According to its most recent monthly production data, the Organization of the Petroleum Exporting Countries (OPEC) yesterday maintained its key projections for 2023 oil supply and demand even as it raised output.
The cartel also raised concerns about the prospects for Russian oil output and the expansion of the world economy. The estimate for this year’s growth in the world oil demand is 2.22 million barrels per day (b/d).
Although the group’s most recent Monthly Oil Market Report (MOMR) acknowledges a “better performance in China’s economy on the back of its reopening from Covid-19 limitations,” it revised its prior projection for Chinese oil demand growth downward by 20,000 b/d to 510,000 b/d.
A rise from 99.55 million barrels per day in 2022 to 101.8 million barrels per day in 2023 is predicted by OPEC. However, according to the MOMR, the estimate is “subject to various risks, including global economic events, shifts in Covid-19 policy, and persistent geopolitical tensions.”
According to the MOMR, the average daily output of OPEC-13 increased by 91,000 barrels in December to 28.971 million bpd, with Nigeria accounting for almost all of the increases.
To reach 1.267 million bpd in December, Nigeria’s crude oil production increased by 91,000 bpd. Production also increased in Angola (+42,000 bpd), Iran (+9,000 bpd), Libya (+7,000 bpd), Saudi Arabia (+4,000 bpd), and Venezuela (+13,000 bpd).
As Chevron’s permission to export crude oil to the United States for use in its or other refineries was expanded, Venezuela’s production increased.
Kuwait’s production of crude oil dropped significantly by 35,000 bpd. Other countries that suffered losses included Algeria (-11,000 bpd), Congo (-18,000 bpd), Equatorial Guinea (-1,000 bpd), Gabon (-6,000 bpd), Iraq (-4,000 bpd), and the United Arab Emirates (UAE) (-9,000 bpd).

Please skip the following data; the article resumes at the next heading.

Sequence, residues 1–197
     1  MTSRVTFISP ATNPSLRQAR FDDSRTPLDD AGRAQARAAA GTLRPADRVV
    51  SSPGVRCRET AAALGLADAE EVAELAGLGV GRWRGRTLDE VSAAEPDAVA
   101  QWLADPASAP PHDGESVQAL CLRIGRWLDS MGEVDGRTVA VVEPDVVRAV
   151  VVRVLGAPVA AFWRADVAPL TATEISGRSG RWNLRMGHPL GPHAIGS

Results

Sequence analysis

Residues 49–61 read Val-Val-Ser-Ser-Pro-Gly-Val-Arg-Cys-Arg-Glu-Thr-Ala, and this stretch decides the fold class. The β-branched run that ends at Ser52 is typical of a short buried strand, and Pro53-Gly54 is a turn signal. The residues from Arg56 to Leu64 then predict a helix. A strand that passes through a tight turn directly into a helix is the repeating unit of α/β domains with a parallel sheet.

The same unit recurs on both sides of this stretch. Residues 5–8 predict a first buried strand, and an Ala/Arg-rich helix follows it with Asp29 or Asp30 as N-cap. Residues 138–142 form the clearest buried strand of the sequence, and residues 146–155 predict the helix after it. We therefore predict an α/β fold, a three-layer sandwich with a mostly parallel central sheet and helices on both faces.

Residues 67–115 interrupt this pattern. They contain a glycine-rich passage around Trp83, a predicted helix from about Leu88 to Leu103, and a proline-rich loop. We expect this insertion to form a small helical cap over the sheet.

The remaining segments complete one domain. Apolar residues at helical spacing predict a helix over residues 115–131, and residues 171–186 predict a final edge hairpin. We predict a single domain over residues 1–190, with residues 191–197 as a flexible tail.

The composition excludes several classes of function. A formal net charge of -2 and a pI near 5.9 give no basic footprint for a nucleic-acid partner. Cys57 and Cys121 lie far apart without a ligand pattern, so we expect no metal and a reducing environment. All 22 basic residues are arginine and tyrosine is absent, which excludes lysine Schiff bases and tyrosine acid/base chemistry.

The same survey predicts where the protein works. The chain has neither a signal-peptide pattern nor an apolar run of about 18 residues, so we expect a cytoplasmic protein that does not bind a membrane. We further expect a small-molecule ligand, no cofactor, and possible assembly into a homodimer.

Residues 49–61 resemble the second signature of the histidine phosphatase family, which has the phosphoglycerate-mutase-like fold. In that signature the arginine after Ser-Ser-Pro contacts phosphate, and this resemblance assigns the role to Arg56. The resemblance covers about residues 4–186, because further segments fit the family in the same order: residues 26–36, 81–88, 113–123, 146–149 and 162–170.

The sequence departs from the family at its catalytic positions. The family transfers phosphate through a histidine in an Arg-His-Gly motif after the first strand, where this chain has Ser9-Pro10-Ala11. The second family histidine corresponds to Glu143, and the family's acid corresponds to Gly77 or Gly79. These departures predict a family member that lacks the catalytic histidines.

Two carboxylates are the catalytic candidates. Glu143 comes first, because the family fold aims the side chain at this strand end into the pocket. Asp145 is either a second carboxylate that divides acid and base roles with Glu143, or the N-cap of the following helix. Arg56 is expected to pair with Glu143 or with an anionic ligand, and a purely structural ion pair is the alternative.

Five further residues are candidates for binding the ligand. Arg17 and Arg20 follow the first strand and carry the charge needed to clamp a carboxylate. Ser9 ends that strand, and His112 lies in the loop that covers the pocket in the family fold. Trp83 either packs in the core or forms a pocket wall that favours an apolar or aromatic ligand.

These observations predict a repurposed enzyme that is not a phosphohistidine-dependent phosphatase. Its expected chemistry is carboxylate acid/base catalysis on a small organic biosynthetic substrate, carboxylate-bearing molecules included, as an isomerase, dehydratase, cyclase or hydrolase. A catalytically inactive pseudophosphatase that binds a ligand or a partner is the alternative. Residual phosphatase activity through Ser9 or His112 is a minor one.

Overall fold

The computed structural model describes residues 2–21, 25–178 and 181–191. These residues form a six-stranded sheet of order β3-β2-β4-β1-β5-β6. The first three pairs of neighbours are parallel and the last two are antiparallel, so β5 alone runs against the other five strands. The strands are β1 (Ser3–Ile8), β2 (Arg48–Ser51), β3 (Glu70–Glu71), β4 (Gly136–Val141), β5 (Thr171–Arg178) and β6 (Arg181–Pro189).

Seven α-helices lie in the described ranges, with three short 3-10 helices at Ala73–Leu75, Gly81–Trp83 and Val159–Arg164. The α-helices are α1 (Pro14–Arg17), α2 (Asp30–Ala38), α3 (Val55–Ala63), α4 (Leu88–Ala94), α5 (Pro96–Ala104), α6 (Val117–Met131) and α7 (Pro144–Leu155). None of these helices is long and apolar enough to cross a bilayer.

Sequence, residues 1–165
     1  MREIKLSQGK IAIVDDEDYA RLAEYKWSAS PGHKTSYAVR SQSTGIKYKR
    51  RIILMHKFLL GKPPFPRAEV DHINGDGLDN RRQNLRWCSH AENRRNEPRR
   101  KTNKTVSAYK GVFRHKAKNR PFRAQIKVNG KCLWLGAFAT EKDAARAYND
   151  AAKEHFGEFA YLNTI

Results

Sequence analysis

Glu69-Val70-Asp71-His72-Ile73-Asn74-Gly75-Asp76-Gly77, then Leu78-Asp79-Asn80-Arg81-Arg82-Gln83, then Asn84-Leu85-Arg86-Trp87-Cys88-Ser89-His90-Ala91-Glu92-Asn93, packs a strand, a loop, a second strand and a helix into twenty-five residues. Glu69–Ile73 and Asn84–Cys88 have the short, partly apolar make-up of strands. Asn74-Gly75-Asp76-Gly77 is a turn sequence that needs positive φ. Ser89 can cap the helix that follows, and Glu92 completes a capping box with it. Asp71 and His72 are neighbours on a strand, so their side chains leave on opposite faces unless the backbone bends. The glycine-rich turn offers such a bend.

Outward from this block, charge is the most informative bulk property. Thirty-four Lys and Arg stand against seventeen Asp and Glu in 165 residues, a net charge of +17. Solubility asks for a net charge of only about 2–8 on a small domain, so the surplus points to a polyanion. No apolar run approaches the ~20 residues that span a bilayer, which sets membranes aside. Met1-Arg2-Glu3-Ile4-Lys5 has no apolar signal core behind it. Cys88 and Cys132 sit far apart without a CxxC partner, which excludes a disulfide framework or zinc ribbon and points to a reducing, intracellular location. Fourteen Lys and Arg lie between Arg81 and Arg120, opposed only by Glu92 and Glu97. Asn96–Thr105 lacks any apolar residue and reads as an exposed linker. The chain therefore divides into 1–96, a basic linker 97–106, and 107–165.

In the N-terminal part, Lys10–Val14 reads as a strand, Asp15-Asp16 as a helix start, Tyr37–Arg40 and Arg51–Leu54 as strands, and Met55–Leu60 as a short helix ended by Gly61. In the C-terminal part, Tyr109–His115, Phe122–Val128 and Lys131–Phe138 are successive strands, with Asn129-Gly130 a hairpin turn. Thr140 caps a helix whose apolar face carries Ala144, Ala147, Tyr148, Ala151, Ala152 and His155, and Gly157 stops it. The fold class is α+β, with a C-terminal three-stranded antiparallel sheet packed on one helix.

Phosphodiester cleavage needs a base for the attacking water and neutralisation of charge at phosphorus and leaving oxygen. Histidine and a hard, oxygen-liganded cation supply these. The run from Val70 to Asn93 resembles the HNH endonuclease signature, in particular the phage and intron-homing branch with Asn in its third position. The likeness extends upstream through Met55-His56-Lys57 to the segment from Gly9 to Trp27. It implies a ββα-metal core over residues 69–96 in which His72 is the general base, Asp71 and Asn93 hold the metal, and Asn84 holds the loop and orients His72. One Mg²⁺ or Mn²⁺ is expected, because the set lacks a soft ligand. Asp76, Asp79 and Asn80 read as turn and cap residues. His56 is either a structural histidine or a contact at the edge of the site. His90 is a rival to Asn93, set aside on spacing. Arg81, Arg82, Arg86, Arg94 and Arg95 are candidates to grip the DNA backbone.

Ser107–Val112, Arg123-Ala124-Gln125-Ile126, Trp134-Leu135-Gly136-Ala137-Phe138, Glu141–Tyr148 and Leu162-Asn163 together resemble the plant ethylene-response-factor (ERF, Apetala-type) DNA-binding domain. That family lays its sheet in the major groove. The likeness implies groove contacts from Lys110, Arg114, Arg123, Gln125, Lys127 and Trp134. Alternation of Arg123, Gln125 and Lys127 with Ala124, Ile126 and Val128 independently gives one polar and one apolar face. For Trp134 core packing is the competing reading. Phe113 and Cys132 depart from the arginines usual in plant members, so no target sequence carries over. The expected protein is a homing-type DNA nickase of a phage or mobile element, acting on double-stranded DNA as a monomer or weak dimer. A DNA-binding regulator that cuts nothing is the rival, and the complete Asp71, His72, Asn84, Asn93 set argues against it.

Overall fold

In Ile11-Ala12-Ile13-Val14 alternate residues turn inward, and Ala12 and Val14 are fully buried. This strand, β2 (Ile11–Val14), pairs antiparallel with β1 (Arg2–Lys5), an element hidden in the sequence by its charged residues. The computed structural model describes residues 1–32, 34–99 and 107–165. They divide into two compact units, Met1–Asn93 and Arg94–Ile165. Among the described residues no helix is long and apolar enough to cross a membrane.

The output of Saudi Arabia decreased by 32,000 bpd to 10.435 million bpd in December 2022, according to straight reported numbers, despite an increase in production based on secondary sources to 10.478 million bpd.
Nigeria’s directly reported production growth increased by just 50,000 bpd to 1.235 million bpd, which was less than secondary source reporting. The MOMR reports that OPEC’s percentage of the world’s crude oil production “remained steady at 28.5% in December, compared to the prior month.”
Additionally, OPEC did not adjust its estimates for 2023 oil supplies. According to the forecast, non-OPEC supply will rise by 1.5 million barrels per day to 67.2 million, with the US, Norway, Canada, Kazakhstan, and Guyana contributing the majority of the growth.
It predicts a decline of 850,000 b/d in Russian oil supplies this year, which are already under pressure from western oil embargoes and the G7-led oil price ceiling.
The output of Russian liquids will then drop to 10.18 million barrels per day from 11. million barrels per day in 2022, while it was highlighted that the “projection remains susceptible to significant uncertainty.”
The Joint Ministerial Monitoring Committee of the larger OPEC+ group will convene on 1 February to evaluate market fundamentals, although the group’s ministerial meeting to debate output strategy is not scheduled until 4 June.